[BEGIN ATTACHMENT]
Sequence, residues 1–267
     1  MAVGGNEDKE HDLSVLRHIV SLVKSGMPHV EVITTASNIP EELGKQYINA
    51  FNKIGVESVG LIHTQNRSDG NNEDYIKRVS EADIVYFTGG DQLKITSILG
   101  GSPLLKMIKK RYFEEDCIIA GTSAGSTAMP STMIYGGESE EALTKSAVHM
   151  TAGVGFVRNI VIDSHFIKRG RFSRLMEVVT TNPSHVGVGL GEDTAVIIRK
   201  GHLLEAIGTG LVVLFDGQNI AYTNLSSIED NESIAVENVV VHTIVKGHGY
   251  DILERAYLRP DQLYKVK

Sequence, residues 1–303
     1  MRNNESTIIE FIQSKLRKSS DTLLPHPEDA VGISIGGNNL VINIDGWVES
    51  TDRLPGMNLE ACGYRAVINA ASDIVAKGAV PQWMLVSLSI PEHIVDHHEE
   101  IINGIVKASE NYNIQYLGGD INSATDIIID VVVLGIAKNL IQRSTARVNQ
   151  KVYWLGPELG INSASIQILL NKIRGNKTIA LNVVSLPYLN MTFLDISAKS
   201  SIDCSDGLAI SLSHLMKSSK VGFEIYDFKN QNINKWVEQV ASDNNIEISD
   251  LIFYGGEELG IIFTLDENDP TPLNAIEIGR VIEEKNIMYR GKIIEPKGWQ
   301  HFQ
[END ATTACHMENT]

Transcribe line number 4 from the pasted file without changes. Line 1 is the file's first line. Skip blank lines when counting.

   101  GSPLLKMIKK RYFEEDCIIA GTSAGSTAMP STMIYGGESE EALTKSAVHM